limited python virtual machine
aleaxit at yahoo.com
Sat Jan 29 09:44:27 CET 2005
Nick Coghlan <ncoghlan at iinet.net.au> wrote:
> Alex Martelli wrote:
> > Steven Bethard <steven.bethard at gmail.com> wrote:
> > ...
> >>If I could see how to go from 'object' (or 'int', 'str', 'file', etc.)
> >>to 'eval' or '__import__', that would help out a lot...
> > Traipse through these, find one class that has an unbound method, get
> > that unbound method's func_globals, bingo.
> So long as any Python modules are imported using the same restricted
> environment their func_globals won't contain eval() or __import__ either.
Sure, as long as you don't need any standard library module using eval
from Python (or can suitably restrict them or the eval they use), etc,
you can patch up this specific vulnerability.
> And C methods don't have func_globals at all.
Right, I used "unbound method" in the specific sense of "instance of
types.UnboundMethodType" (bound ones or any Python-coded function you
can get your paws on work just as well).
> However, we're talking about building a custom interpreter here, so there's no
It didn't seem to me that Steven's question was so restricted; and since
he thanked me for my answer (which of course is probably inapplicable to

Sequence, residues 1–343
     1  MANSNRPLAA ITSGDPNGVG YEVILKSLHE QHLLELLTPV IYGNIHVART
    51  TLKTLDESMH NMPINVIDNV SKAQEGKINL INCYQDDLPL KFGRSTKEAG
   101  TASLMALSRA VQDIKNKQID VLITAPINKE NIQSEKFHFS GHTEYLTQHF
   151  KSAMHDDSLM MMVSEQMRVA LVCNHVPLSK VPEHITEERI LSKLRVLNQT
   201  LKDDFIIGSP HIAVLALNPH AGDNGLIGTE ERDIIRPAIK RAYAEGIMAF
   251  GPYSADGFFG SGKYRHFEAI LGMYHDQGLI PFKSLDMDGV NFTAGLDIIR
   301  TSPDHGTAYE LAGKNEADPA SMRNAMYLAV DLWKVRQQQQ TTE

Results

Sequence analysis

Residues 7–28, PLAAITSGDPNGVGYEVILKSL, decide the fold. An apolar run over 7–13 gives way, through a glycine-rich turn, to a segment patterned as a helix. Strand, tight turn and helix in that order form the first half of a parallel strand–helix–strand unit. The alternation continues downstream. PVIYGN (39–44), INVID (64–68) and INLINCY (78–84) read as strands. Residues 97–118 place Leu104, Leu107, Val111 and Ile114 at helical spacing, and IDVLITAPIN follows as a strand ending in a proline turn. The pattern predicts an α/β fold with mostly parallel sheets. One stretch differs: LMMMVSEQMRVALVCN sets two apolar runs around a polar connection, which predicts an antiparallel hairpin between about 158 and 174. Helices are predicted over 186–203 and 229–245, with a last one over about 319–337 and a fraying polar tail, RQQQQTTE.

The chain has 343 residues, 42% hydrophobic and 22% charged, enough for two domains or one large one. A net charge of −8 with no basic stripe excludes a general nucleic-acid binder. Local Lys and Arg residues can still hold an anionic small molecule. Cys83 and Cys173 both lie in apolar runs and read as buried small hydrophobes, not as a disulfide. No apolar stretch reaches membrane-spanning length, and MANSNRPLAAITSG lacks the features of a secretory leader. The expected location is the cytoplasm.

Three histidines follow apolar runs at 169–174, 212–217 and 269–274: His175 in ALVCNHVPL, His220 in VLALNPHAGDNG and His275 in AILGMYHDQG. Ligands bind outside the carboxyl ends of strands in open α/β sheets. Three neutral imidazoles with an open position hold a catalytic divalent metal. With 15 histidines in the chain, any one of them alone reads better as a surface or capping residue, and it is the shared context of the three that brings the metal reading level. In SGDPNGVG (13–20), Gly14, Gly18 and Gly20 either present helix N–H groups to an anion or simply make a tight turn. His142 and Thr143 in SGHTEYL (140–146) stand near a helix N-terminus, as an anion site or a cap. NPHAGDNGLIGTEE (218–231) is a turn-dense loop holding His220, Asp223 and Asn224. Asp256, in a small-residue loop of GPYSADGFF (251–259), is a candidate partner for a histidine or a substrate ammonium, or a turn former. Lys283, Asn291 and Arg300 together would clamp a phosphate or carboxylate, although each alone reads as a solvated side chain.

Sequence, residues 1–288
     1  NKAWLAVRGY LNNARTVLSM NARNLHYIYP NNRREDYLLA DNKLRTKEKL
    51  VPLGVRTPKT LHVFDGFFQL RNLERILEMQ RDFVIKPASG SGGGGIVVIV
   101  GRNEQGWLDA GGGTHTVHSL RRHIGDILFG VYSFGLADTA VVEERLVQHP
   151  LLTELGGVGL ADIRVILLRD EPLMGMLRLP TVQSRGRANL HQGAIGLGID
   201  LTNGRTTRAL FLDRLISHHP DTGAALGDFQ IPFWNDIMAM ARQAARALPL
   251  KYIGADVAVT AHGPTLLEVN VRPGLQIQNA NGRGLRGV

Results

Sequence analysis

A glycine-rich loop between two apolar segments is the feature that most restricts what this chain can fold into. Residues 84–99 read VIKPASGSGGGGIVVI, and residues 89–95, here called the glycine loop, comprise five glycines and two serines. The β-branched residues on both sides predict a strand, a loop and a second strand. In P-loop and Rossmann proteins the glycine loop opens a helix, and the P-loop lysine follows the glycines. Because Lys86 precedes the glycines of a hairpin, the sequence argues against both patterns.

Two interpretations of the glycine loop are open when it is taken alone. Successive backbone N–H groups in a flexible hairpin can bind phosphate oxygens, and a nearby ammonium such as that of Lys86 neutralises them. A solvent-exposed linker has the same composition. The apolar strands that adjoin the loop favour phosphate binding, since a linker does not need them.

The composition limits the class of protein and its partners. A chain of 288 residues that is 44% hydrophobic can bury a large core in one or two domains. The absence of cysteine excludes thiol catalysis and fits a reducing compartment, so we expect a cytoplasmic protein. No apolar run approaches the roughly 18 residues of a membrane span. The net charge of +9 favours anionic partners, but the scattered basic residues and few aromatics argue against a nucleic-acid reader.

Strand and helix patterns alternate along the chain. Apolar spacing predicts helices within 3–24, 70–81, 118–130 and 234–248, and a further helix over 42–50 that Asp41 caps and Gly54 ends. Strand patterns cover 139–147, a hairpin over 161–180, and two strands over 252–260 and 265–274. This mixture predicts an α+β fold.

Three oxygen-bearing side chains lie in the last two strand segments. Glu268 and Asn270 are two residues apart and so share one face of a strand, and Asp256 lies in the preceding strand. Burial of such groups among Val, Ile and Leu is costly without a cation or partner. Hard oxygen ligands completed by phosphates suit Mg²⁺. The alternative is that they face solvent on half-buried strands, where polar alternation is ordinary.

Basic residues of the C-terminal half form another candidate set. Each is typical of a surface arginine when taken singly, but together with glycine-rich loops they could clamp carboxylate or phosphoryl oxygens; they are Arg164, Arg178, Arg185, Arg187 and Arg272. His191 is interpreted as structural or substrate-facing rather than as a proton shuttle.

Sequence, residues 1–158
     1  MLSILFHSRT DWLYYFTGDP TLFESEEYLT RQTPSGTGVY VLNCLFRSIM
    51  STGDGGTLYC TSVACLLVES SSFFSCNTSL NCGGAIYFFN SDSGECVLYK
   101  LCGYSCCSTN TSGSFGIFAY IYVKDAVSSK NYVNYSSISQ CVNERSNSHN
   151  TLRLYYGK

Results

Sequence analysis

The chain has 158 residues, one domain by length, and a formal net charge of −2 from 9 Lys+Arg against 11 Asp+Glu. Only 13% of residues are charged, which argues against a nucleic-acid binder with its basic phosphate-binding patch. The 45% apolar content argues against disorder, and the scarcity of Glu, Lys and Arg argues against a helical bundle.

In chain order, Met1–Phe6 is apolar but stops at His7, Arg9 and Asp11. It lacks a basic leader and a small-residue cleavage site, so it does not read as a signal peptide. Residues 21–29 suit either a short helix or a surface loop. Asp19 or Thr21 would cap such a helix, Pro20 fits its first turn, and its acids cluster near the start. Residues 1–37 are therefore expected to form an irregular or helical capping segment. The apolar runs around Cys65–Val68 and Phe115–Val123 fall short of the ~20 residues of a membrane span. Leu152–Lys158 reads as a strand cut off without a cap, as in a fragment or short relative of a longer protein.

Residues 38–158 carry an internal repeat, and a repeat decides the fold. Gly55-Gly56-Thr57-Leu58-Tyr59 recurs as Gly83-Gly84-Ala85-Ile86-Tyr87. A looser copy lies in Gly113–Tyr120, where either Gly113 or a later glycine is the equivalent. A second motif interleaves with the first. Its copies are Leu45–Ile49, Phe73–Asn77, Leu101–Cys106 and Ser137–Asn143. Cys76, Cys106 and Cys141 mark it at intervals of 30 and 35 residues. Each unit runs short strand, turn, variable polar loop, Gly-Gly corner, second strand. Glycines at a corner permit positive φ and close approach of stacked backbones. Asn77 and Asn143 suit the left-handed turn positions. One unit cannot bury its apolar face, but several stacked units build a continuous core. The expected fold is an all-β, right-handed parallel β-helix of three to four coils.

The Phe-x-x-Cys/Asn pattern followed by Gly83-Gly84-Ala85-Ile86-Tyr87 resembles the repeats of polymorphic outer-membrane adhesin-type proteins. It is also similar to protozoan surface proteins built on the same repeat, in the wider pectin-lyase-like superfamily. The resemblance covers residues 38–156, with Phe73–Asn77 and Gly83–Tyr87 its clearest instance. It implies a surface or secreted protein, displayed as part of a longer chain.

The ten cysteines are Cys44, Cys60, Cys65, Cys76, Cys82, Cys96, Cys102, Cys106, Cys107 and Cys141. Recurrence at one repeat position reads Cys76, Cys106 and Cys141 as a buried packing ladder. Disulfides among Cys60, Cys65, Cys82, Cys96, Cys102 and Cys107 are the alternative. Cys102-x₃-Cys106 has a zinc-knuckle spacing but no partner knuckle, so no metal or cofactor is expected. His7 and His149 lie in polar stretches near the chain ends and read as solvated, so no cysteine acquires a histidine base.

some custom interpreter that's not written yet) it appears to me that my
interpretation of his question was correct, and my answer useful to him.
> reason not to simply find the dangerous functions at the C-level and replace
> their bodies with "PyErr_SetString(PyExc_Exception, "Access to this operation
> not allowed in restricted build"); return NULL;".
> Then it doesn't matter *how* you get hold of file(), it still won't work.
> (I can hear the capabilities folks screaming already. . .)
Completely removing Python-level access to anything dangerous might be a
safer approach than trying to patch one access route after another, yes.
> Combine that with a pre-populated read-only sys.modules and a restricted
> custom interpreter would be quite doable. Execute it in a separate process
> and things should be fairly solid.
If you _can_ execute (whatever) in a separate process, then an approach
based on BSD's "jail" or equivalent features of other OS's may be able
to give you all you need, without needing other restrictions to be coded
in the interpreter (or whatever else you run in that process).
More information about the Python-list